By Richard Black
Environment correspondent, BBC News website
Money invested in protecting nature can bring huge financial returns, according to a major investigation into the costs and benefits of the natural world.
It says money ploughed into protecting wetlands, coral reefs and forests can bring a hundredfold return on capital.
The Economics of Ecosystems and Biodiversity study (Teeb) is backed by the UN and countries including the UK.
The project's leader says governments should act on its findings at next month's UN climate summit.
Teeb is the first attempt to evaluate the economic value of "ecosystem services" - things that parts of the natural world do for free, such as purifying drinking water or protecting coasts from storms - on a systematic and global basis.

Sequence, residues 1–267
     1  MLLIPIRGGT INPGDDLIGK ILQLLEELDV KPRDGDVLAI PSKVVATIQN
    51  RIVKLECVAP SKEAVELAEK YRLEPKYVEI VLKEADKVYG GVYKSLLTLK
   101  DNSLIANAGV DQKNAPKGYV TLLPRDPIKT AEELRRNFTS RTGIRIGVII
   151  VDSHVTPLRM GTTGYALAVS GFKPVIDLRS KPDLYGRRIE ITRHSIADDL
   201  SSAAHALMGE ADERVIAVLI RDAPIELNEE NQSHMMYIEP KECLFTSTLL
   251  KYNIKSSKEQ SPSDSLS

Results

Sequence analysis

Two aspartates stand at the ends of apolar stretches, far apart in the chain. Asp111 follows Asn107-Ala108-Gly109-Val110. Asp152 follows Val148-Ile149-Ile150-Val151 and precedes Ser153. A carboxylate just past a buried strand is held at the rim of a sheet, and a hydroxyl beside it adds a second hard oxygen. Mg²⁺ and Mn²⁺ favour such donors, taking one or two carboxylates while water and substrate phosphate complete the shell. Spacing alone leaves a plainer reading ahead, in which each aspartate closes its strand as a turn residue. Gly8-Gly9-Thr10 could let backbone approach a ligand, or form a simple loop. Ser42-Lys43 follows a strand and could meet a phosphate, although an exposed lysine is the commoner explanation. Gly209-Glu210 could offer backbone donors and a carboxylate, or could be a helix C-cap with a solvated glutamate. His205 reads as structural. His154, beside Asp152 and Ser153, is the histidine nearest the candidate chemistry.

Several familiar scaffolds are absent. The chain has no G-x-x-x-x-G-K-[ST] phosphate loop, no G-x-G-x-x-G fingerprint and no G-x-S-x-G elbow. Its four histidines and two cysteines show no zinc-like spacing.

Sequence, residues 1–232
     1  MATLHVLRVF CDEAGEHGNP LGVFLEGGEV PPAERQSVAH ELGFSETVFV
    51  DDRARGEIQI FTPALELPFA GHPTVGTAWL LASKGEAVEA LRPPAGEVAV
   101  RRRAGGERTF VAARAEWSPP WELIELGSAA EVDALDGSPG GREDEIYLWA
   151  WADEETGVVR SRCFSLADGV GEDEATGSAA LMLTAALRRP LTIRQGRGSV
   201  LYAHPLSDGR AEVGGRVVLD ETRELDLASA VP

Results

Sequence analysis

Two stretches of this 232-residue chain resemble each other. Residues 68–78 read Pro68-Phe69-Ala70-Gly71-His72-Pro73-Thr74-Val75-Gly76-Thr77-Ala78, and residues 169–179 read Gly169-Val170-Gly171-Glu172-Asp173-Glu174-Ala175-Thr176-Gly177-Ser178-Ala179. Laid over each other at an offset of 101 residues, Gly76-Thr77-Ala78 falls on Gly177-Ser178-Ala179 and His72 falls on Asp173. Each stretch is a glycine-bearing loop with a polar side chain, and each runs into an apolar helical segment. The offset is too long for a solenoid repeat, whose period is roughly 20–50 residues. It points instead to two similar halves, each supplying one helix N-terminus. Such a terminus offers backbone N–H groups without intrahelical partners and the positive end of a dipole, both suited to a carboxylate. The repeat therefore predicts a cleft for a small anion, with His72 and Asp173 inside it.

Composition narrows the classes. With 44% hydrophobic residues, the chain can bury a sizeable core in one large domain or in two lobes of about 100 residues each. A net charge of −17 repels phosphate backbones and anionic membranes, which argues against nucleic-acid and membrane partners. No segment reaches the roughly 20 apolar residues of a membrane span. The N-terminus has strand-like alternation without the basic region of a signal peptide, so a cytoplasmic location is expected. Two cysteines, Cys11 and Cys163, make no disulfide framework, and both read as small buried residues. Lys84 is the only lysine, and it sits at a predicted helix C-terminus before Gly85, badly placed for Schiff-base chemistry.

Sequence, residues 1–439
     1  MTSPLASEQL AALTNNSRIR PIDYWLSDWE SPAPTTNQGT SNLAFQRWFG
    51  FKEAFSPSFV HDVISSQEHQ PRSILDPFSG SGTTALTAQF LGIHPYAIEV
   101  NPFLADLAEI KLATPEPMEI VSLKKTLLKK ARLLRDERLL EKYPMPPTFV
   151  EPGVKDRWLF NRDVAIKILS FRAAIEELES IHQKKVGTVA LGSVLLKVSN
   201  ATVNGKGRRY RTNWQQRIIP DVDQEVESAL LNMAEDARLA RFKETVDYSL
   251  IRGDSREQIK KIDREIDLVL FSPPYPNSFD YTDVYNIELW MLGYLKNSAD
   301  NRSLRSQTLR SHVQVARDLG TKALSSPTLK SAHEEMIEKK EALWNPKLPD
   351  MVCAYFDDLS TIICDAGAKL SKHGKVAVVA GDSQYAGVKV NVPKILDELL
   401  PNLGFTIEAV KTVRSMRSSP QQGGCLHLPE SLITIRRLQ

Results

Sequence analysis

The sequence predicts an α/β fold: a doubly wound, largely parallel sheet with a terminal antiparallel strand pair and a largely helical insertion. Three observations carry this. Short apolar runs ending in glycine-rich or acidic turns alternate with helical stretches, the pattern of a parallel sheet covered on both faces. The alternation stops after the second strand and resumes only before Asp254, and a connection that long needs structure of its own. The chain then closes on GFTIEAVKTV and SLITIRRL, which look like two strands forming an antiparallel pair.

"We have now evaluated 1,100 studies ranging across different countries and different ecosystem services," said study leader Pavan Sukhdev, a Deutsche Bank economist.
"And we find that with protected areas, for example, no matter how you slice the figures up you come up with a ratio of benefits to costs that's between 25-to-one and 100-to-one.
"Now we can say quite confidently that there is a solid benefit from investing in protected areas," he told BBC News. …